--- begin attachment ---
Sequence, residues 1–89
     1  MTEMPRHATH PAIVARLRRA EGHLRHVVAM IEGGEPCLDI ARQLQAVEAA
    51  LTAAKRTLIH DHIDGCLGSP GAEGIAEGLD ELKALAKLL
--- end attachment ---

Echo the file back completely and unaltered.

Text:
Sequence, residues 1–89
     1  MTEMPRHATH PAIVARLRRA EGHLRHVVAM IEGGEPCLDI ARQLQAVEAA
    51  LTAAKRTLIH DHIDGCLGSP GAEGIAEGLD ELKALAKLL